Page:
This week is Working Out Loud week, and I can’t but come out in support of a principle that I think is going to be key to organizational success. And, I think, L&D has a key role to play.
The benefits from working out loud are many. Personally, documenting what you’re doing serves as a reminder to yourself and awareness for others. The real power comes, however, from taking that next level: documenting not just what you’re doing, but why. This helps you in reflecting on your own work, and being clear in your thinking. Moreover, sharing your thinking gives you a second benefit in getting others’ input which can really improve the outcome.
In addition, it gives others a couple of benefits. They get to know what you’re up to, so it’s easier to align, but if your thinking is any good, it gives them the chance to learn from how you think.
So what is the role of L&D here? I’ll suggest there are two major roles: facilitating the skills and enabling the culture.
First, don’t assume folks know what working out loud means. And even if they do, they may not be good at it in terms of knowing how to indicate the underlying thinking. And they likely will want feedback and encouragement. First, L&D needs to model it, practicing what they preach. They need to make sure the tools are easily available and awareness is shared. Execs need to be shown the benefit and encouraged to model the behavior too. And L&D will have to trumpet the benefits, accomplishments, and encourage the behavior.
None of this is really likely to succeed if you don’t have a supportive culture. In a Miranda organization, no one is going to share. Instead, you need the elements of a learning organization: the environment has to value diversity, be open to new ideas, provide time for reflection, and most of all be safe. And L&D has to understand the benefits and continue to promote them, identify problems, and work to resolve them.
Note that this is not something you manage or control. The attitude here has to be one of nourishing aka (seed, feed, and weed). You may track it, and you want to be looking for things to support or behaviors to improve, but the goal is to develop a vibrant community of sharing, not squelching anything that violates the hierarchy.
Working out loud benefits the individual and the organization in a healthy environment. Getting the environment right, and facilitating the practice, are valuable contributions, and ones that L&D can, and should, contribute to.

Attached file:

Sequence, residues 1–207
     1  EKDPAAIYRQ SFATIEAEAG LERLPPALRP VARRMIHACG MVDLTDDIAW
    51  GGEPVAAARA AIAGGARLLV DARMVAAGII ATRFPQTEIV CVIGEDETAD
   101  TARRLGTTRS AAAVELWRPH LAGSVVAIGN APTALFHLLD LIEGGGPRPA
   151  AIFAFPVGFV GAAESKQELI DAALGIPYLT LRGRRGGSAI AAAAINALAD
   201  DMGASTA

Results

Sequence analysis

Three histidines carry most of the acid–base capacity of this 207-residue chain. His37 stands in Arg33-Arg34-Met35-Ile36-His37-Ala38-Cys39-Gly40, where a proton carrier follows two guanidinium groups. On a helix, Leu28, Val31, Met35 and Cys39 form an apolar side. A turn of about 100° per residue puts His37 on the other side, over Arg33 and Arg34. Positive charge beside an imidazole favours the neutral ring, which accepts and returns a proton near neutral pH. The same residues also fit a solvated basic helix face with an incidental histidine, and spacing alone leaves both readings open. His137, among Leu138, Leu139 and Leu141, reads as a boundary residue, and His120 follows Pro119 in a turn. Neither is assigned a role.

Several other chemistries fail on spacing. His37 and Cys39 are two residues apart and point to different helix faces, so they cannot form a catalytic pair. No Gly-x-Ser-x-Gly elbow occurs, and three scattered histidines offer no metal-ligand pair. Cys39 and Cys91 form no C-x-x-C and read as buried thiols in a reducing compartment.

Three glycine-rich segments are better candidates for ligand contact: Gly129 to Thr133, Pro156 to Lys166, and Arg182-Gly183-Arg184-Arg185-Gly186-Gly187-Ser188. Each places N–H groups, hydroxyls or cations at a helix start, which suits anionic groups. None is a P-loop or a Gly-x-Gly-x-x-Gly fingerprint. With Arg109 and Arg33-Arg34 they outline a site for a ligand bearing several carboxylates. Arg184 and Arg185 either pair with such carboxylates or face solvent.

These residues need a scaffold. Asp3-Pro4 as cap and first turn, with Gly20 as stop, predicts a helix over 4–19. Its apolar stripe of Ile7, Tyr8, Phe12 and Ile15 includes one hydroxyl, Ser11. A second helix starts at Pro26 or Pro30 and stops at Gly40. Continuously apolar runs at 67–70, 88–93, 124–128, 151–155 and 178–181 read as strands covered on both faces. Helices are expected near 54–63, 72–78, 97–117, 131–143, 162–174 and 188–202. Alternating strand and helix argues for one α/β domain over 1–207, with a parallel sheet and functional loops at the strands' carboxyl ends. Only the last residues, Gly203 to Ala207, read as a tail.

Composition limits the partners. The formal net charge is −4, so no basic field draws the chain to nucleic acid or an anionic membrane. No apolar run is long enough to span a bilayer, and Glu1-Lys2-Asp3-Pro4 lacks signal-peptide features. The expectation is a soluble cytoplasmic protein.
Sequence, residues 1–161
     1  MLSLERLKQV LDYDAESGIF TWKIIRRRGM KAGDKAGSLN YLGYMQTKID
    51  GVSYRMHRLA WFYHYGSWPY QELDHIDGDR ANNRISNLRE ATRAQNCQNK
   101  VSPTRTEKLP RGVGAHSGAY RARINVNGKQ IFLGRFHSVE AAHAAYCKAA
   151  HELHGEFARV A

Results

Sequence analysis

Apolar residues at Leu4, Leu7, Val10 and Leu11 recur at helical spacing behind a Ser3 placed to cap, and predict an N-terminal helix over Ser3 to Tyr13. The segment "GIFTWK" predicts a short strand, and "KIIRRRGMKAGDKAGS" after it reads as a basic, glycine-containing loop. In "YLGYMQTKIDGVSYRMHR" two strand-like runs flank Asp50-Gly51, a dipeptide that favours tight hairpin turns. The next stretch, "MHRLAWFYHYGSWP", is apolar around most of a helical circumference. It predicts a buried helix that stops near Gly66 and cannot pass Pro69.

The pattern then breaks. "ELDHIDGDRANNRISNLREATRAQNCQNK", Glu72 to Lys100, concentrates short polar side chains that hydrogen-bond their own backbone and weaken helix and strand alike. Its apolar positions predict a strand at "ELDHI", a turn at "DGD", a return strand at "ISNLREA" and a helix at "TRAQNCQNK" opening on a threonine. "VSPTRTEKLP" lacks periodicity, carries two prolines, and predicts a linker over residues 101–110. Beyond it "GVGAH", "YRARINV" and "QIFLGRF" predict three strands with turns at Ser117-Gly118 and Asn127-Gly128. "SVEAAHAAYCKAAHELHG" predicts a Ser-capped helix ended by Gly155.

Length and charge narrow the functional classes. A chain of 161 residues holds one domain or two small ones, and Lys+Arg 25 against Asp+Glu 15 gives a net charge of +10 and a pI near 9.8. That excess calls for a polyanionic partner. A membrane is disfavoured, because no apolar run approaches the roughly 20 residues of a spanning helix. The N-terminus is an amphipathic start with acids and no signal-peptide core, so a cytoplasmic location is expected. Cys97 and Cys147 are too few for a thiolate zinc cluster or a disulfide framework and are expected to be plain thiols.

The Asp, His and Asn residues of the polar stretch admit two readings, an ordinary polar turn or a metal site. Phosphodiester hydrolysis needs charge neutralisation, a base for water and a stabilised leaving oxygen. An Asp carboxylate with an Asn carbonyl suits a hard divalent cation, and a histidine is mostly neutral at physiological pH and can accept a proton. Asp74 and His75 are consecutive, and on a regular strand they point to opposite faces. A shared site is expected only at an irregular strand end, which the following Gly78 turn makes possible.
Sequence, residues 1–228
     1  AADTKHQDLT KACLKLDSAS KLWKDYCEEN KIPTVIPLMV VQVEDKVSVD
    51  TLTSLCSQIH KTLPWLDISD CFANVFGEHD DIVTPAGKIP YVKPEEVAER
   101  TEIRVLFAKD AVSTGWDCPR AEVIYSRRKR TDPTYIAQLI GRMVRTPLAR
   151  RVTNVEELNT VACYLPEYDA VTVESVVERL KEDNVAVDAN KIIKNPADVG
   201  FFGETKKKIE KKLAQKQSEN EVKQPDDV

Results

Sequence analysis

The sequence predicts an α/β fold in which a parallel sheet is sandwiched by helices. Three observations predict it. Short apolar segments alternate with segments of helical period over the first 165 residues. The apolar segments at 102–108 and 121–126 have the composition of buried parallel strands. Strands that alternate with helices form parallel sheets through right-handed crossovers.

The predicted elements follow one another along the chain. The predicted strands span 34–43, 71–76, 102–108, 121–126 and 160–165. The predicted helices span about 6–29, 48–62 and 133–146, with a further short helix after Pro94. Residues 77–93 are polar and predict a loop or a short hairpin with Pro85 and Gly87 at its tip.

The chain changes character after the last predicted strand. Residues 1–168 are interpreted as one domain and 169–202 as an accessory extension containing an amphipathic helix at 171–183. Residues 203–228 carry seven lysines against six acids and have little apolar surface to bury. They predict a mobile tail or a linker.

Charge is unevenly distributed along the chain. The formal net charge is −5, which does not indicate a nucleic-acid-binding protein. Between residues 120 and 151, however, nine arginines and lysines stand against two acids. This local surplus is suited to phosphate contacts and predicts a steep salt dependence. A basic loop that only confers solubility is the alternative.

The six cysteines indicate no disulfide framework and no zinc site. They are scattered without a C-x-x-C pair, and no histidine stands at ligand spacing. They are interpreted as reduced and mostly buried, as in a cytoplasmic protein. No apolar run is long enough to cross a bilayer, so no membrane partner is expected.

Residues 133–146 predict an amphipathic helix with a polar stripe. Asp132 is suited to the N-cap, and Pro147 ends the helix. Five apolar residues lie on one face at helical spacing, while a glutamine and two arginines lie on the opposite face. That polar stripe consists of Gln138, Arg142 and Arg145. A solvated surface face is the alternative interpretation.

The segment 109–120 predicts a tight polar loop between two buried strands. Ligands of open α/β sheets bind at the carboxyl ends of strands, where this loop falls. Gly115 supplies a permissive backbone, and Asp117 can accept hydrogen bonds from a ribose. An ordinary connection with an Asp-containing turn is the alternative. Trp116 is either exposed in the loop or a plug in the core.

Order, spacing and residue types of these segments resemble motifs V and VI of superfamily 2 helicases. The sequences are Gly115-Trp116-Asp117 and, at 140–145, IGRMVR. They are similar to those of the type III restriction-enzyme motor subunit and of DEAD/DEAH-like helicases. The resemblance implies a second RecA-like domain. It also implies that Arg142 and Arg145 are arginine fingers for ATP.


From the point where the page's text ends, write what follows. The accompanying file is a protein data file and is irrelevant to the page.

urbie delgado says
Serendipity. You have to love it. A little earlier this evening I stumbled upon this tweet from @JaneBozarth:
Comms of Practice allowed to emerge/grow = energy, artifacts, ownership. Top down? Not so much. No surprise. http://t.co/nM0oqdamx9
I could be wrong, but after scanning through the journal article article I figured out that top-down isn’t so nearly effective a method for growing communities of practice as bottom-up. Would you really want or need someone from the executive suite to help drive Working Out Loud? The part where L&D trumpets was discordant to how I view social change. That’s what WOL is: a group of people, maybe just one or two, coming together and trying something different. That’s authenticity.
How did I happen to get to this place? Here’s my thought process. A couple years ago I was a training department of one in a far off corner of New Mexico. Some months went by before I figured out I was in one serious rut. It was bad. I didn’t know what I didn’t know, what I was missing. I took a chance, and went to an EdCamp (community of practice professional development event for K-12 educators). They definitely worked out loud. A few EdCamps later and I was hooked.
The catalyst, however, that breakthrough experience where someone picks up the trumpet, or ukelele, or whatever was completing an ATD Social Media course. It enabled me to question what I thought were beliefs but, it turned out, were fears. Slowly I started to WOL.
Anyway, way off on a tangent there. The point I’m trying to make is this: start out small. Get your circle to suspend disbelief long enough to try something different. Over a period of time your message will be picked up and a movement will grow. Or maybe nothing happens and you can try something else. Don’t try to sell WOL by shouting out its features. Let the people around you model it and begin to move others.